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Oral Abstract Session 10: Islets I

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A-10-1 Elevation of Cytotoxic Lymphocyte Gene Expression Is Predictive of Islet Allograft Rejection in Non-Human Primates Dongmei Han, Xiumin Xu, R. Alejandro, C. Ricordi, and N. S. Kenyon

A-10-2 Effect of Vascular Endothelial Growth Factor Delivery on the Viability of Encapsulated Pancreatic Rat Islets During Allo- and Xenograft S. Sigrist, A. Mechine-Neuville, V. Calenda, G. Legeay, J-P. Bellocq, A. Belcourt, M. Pinget, and L. Kessler

A-10-3 Bioartificial Pancreas: Matching Device and β-Cell Engineering H. Hussain-Khan, N. Bouche, P. Aebischer, and W. F. Pralong

A-10-4 Chronic Complications of Diabetes Prevent Islet Engraftment at Three Transplantation Sites Wayne V. Moore, Karen Bieser, Zhaohui Geng, and Karen Kover

A-10-5 Vascular Density in Mouse Pancreatic Islets Decreases After Transplantation Goran Mattson, Leif Jansson, and Per-Ola Carlsson

A-10-6 Protein Permeability in Biodritin (Alginate + Chondroitin Sulfate) Microcapsules for Islet Transplantation Melina Ribeiro, Camillo Ricordi, and Marcos Mares-Guia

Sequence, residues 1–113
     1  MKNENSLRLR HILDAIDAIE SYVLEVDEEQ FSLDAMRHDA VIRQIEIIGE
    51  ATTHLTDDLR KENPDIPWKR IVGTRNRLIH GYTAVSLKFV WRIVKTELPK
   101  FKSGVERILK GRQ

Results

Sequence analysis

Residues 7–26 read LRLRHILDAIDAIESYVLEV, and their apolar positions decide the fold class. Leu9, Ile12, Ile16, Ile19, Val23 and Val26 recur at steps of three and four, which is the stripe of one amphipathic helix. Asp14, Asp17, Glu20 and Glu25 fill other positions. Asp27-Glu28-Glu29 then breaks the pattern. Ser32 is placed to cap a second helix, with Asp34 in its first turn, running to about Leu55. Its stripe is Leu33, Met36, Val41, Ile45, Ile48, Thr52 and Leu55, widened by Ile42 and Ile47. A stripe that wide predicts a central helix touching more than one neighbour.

A-10-7 Amelioration Streptozotocin Induced Diabetic Mice With Human Islet Cells Derived From Long Term Culture In Vitro Min Zhao, Mike Christie, Nigel Heaton, Sarah George, Stephanie Amiel, and Guocai Huang

A-10-8 Cytokines Induce Nitric Oxide (NO) and NF· B Independent Expression of Pro-inflammatory Chemokines in Both Murine Islets and MIN6-· Cells Marshall S. Baker, Xiiojan Chen, and Dixon B. Kaufman

Document Type: Abstract


Publication date: June 1, 2001

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  • Cell Transplantation publishes original, peer-reviewed research and review articles on the subject of cell transplantation and its application to human diseases. To ensure high-quality contributions from all areas of transplantation, separate section editors and editorial boards have been established. Articles deal with a wide range of topics including physiological, medical, preclinical, tissue engineering, and device-oriented aspects of transplantation of nervous system, endocrine, growth factor-secreting, bone marrow, epithelial, endothelial, and genetically engineered cells, among others. Basic clinical studies and immunological research papers are also featured. To provide complete coverage of this revolutionary field, Cell Transplantation will report on relevant technological advances, and ethical and regulatory considerations of cell transplants. Cell Transplantation is now an Open Access journal starting with volume 18 in 2009, and therefore there will be an inexpensive publication charge, which is dependent on the number of pages, in addition to the charge for color figures. This will allow work to be disseminated to a wider audience and also entitle the corresponding author to a free PDF, as well as prepublication of an unedited version of the manuscript.

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